Teaching systematic theology in church

Discussion in 'Baptist Theology & Bible Study' started by evangelist6589, Aug 30, 2015.

  1. evangelist6589

    evangelist6589
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    Should churches teach this, or should they rather teach bible books and biblical theology? Perhaps most Reformed churches would teach systematic theology. I volunteered to teach a intro to systematic theology in SS but the pastor rejected my request. I would use A lay level Wayne Grudem and RC sproul book to aide me. The topics I said I would teach have nothing to do with Calvinism as I said I could teach on the Holy Spirit or the trinity and I would even use non Cal John Walvoord as a source.

    So sad on the pastor doing this, but even he and the entire church avoid systematic theology.
     
    #1 evangelist6589, Aug 30, 2015
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  2. Rolfe

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    Evan, I thought that you were looking for a different church.

    Have you given your Pastor reason to trust you with a Sunday School class?
     
  3. blessedwife318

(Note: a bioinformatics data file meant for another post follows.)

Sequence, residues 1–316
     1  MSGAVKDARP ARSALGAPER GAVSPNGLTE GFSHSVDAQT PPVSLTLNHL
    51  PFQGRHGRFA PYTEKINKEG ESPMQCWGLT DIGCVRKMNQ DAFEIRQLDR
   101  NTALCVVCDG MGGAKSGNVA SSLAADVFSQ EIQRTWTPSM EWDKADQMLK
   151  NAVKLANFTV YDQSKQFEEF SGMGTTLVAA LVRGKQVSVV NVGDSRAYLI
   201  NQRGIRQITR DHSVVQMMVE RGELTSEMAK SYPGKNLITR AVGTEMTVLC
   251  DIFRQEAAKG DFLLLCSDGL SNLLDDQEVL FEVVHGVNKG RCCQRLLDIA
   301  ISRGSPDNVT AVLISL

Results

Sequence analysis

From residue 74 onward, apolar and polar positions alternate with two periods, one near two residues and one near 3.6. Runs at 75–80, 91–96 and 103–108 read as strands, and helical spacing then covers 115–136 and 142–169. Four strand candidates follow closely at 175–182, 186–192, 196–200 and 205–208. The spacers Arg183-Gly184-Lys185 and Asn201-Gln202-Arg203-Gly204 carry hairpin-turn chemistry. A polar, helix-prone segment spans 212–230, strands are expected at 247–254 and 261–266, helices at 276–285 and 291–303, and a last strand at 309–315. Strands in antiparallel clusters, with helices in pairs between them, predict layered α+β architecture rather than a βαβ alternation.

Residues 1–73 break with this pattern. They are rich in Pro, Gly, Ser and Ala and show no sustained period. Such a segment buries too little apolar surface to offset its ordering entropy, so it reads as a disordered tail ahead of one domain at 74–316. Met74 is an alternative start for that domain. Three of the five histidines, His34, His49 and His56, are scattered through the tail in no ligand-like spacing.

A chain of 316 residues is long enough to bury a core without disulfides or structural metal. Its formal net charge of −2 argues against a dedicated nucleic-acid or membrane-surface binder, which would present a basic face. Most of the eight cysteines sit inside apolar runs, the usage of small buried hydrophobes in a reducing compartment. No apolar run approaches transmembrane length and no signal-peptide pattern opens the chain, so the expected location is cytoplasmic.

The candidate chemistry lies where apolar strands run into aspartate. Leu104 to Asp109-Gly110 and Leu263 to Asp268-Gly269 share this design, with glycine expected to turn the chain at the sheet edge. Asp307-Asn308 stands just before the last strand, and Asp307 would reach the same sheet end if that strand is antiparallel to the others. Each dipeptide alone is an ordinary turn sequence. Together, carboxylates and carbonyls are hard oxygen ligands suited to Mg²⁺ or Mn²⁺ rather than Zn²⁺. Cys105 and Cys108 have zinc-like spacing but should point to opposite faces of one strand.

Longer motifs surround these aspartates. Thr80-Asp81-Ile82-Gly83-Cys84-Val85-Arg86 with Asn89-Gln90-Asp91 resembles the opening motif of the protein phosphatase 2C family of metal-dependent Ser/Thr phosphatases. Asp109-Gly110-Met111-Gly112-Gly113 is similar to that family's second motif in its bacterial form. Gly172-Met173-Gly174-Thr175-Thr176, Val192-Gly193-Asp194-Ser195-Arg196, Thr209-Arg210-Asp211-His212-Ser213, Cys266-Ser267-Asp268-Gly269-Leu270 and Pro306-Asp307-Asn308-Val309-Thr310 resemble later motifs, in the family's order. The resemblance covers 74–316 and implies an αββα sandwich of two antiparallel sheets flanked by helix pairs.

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    You publicly bad mouth your church on a regular basis yet you are surprised that the pastor doesn't trust you to teach? Your pastor is showing common sense, given that you show on a regular basis not to care about the church or its members, or you would not bad mouth it all the time in public.
     
  4. Scarlett O.

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    John, I don't think entire churches avoid studying topics in systems. It's how I study privately a lot and while I have used it in Sunday School, I mostly do not - but not because I don't like that type of study.

    I say this with humility and brotherly/sisterly love - are you sure the pastor is rejecting the systematic study of a bible topic or is he not wanting you to teach Sunday School?

    You said that you have taught before that he asked you to step down.